Abracadabra is screening as part of the 21st Spanish Film Festival in Australia, which is looking to be a fantastic event, with a variety of interesting films to showcase, an opening night gala and afterparty with Torres wines, tapas and live entertainment, and closing with Oscar winner Guillermo Del Toro’s Spanish masterpiece, Pan’s Labyrinth (2006).
I watched an advanced screening of Abracadabra, a film nominated for the Spanish Academy Awards, which was directed by Pablo Berger. I was pleasantly surprised by this quirky and occasionally dark comedy, and would highly recommend it for those looking for something a little unusual and outside of the box.
The story focuses on Carmen, a charming housewife, as portrayed by Maribel Verdú, who lives a mildly dissatisfying life with her grumpy football loving husband Carlos (Antonio de la Torre) and their daughter Toni (Priscilla Delgado). The family’s small, drab flat in Madrid is lethargic with angst and sexual staleness until, a strange spark of magic changes the entire situation – for worse or for better? That remains ambiguous.
The drastic change in fortune occurs at Carmen’s cousin’s wedding, when her cousin Pepe (José Mota), a practicing magician, puts on a hypnotist show and brash and arrogant Carlos volunteers for the trick, hoping to show up Pepe for a fraud. What happens instead is, during hypnosis, Carlos is possessed by an evil spirit lurking around the disco ball of the dance floor.
From here, the audience is driven wildly through bizarre terrain. At first Carlos seems somewhat improved, helping around the house and being an attentive father. However, as strange things start to occur, Carmen and the audience begin to unravel the truth, that Carlos has been possessed by a serial killer named Tito, who went on a rampage at the same wedding venue in 1983.
The film starts quite light with a family style of comedy, as the rude Carlos (who is annoyed that their nephew’s wedding is on at the same time as an important football match) sneaks in a device to watch the game, ruining the ceremony by screaming ‘Nooooo’ during the ‘if anyone objects’ speech. These hilarious moments, having being compared to the comedic style of Alex De La Iglesia, offer much joviality. There are many of these side splitting events, such as the minister asking Carlos who won the game after the ceremony, or the betrothed wincing – expecting rice to be thrown at them, only to find that Carlos, who was supposed to bring the confetti has also neglected this duty.
Later, the dark turn in the plot will surprise many, almost jumping to full blown horror at various intervals.
Abracadabra is a strange ride of mystical chicanery, with the plot moving somewhere between that of a Dennis Wheatley novel (with the slow and accidental evocation of dark forces), and one of Woody Allen’s occult themed comedies, not unlike Magic in the Moonlight (2014).
The plot draws from various elements of popular culture, utilising theme songs from Hollywood classics like the Excorcist theme (during the hypnotism scenes), and ‘Also Sprach Zarathustra’, the theme from 2001: A Space Odyssey (1968). The effect this has, is to present an apparent Spanish interpretation of mainstream cinema over the previous century, even having shades of references to classics like The Cabinet of Dr. Caligari (1920), particularly in the personality of Dr. Fumetti, played boldly and menacingly by Josep Maria Pou. Fumetti helps Carmen to realise how the dangerous, yet alluring Tito, has possessed her husband.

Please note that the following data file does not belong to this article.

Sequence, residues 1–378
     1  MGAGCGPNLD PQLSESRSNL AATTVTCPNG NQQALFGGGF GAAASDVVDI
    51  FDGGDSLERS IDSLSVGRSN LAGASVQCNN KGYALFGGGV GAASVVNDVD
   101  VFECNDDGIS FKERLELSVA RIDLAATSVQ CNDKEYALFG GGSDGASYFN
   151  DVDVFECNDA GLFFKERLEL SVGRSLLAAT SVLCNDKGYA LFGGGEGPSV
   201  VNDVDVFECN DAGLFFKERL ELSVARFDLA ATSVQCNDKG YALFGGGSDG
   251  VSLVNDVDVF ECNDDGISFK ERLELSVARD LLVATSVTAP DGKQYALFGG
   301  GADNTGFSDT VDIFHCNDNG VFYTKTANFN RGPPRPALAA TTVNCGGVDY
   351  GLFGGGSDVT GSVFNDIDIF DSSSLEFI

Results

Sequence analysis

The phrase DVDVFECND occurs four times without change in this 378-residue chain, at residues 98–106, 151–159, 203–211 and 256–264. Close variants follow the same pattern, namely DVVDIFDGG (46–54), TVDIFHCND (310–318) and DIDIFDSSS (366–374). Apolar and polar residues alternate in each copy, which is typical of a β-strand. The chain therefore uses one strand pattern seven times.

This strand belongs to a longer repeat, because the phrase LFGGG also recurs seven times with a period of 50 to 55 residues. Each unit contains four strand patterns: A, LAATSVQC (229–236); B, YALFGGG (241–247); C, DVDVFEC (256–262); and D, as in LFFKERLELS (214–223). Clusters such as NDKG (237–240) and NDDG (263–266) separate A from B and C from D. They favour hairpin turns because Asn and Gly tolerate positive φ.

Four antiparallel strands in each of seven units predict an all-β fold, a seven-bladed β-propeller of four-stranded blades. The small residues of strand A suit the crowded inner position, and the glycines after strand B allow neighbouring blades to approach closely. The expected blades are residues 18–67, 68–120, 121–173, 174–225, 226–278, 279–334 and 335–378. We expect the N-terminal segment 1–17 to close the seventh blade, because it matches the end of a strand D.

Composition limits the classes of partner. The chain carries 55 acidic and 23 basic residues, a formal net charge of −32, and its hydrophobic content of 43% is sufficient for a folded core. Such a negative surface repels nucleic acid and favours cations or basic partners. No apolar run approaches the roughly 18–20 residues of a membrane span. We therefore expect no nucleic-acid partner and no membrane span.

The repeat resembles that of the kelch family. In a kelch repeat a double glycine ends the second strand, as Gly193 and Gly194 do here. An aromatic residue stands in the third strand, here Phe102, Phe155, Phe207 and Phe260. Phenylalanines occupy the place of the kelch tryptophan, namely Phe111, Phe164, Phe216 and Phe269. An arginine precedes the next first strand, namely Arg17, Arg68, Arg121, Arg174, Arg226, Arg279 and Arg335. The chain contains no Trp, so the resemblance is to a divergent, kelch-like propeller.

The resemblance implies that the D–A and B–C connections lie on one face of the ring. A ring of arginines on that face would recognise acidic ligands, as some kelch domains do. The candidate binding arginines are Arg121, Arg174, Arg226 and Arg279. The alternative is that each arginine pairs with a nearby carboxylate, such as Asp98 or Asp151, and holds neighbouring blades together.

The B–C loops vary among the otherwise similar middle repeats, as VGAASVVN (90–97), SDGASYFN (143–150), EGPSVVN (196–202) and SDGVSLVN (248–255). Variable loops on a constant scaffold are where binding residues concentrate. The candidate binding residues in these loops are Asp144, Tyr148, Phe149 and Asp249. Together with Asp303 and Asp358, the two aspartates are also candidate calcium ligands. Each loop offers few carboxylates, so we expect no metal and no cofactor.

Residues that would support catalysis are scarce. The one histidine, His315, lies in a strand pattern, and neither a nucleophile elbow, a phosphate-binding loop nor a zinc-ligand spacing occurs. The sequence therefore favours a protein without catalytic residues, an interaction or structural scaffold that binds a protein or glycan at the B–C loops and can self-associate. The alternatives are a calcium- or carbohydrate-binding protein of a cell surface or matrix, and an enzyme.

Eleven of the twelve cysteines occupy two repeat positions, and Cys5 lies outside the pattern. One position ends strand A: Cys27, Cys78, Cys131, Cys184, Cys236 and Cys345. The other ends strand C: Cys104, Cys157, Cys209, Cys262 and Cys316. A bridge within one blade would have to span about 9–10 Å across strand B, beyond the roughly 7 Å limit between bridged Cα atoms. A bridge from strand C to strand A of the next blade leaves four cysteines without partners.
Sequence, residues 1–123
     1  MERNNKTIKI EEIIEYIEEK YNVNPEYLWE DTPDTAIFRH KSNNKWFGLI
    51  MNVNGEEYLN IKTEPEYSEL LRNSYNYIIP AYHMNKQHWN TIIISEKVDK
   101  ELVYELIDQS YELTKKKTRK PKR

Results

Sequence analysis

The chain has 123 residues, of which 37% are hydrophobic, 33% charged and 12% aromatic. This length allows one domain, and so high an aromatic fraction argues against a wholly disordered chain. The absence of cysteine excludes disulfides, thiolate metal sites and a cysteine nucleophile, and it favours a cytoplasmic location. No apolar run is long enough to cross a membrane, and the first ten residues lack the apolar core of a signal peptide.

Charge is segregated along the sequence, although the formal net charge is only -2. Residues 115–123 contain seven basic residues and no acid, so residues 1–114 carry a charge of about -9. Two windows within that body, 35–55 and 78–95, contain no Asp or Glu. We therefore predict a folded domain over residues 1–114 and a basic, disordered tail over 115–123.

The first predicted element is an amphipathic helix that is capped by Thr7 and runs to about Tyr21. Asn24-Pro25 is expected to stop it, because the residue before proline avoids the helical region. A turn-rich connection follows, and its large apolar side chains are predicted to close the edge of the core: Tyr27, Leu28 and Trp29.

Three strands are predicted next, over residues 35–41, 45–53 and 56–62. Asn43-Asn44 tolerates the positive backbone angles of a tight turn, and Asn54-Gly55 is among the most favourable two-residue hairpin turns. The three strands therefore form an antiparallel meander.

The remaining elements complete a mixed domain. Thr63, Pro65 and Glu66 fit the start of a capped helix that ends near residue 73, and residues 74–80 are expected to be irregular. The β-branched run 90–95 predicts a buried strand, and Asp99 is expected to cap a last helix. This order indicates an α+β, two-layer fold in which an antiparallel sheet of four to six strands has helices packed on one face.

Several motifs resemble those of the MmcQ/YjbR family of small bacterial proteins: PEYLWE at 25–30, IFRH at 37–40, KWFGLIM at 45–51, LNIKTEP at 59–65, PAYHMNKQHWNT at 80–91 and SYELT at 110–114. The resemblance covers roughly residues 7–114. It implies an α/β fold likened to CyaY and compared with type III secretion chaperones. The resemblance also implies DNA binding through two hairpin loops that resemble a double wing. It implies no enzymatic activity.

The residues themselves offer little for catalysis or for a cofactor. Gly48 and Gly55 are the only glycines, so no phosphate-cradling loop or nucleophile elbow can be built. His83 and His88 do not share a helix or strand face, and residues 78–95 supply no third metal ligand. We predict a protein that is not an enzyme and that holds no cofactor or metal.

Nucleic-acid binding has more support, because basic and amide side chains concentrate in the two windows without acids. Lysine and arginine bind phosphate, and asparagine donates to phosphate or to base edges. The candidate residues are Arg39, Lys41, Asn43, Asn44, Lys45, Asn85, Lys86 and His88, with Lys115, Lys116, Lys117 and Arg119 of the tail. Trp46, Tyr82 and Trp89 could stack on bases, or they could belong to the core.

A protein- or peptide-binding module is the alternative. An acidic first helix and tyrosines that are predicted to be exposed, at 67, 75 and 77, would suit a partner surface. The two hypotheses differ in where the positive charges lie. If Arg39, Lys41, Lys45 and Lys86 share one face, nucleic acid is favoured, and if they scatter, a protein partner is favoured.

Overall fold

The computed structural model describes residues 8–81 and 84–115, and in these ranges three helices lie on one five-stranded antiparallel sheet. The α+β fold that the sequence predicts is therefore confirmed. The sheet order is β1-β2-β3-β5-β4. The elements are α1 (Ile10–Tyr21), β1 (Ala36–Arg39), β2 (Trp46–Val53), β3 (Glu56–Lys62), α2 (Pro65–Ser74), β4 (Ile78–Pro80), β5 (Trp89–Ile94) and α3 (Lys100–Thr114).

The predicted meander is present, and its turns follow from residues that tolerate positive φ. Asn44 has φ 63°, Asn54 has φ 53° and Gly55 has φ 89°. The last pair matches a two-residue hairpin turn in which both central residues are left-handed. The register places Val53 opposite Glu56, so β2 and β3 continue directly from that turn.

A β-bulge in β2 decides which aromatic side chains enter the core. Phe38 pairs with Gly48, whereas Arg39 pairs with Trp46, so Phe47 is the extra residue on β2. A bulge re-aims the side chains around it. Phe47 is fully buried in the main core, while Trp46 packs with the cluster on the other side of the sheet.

The drama of this revelation is especially intense when Carmen and Pepe track down the house where Tito and his mother lived, before he brutally murdered her with an electric carving knife. This scene contains a spellbinding performance, as the inappropriate real estate agent mimes the tragic scene of the schizophrenic Tito killing his mother with the electronic knife. The suggested violence is highly evocative and may shock audiences, and later scenes of gore are also extremely alarming, slightly unexpected in the midst of this seemingly light comedy. But the laughs are many, and the shock is welcome for fans of horror.
Other curious reflections on popular culture by Berger include a scene where we see that Tito owned an old Donkey Kong video-game console, and Pac-Man cartridge, which seem to mimic Carlos’ later schizophrenic hallucinations of a monkey chasing him around a construction site, and Tito’s ghostly purgatory, becoming then, more of a psychological account of the tragic circumstances which brought him to become a murderer – a sort of Guy De Maupassant-style twist on the supernatural genre.
The romantic heart of the story plays out in the revisiting of the love story between Carlos and Carmen, who, possessed on the dance floor, dance to songs like Steve Miller Band’s “Abracadabra” and 10cc’s “I’m not in love”. The difficulty of love and struggling tragedies of long term relationships are highly relatable in the portrayals, and there are many such touching moments.
The core message of the film, nonetheless, is at times confusing, but given that it doesn’t take itself too seriously, the weirdness is thoroughly enjoyable.
I can’t recommend enough, for readers to go out and support the Spanish Film Festival this year, and see a film or two. The festival is running from the 19th of April to the 6th of May, and if you want something a little out of the ordinary, you certainly can’t go wrong with Abracadabra!
Pablo Berger directed his first film Mama in 1998 with Alex de la Iglesia as artistic director, so comparisons in style are certainly fair.
Deserted Island Movie Collection: Undoubtedly has to be the collected works of Arnold Grossman, in particular the 2015 film ‘The Boat Builder’ starring Christopher Lloyd.
Best Movie Snack: Roasted Coconut. Wait? Are we still on the deserted island?